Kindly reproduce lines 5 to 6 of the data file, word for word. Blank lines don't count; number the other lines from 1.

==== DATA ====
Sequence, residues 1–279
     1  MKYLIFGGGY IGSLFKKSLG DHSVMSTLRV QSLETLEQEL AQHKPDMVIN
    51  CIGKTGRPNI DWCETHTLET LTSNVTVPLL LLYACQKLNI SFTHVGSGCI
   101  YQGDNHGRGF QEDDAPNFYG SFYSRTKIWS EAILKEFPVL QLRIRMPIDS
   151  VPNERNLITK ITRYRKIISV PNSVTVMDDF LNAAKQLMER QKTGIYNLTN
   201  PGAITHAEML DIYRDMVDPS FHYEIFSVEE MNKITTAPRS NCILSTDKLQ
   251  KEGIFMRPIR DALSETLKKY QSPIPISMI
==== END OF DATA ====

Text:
   151  VPNERNLITK ITRYRKIISV PNSVTVMDDF LNAAKQLMER QKTGIYNLTN
   201  PGAITHAEML DIYRDMVDPS FHYEIFSVEE MNKITTAPRS NCILSTDKLQ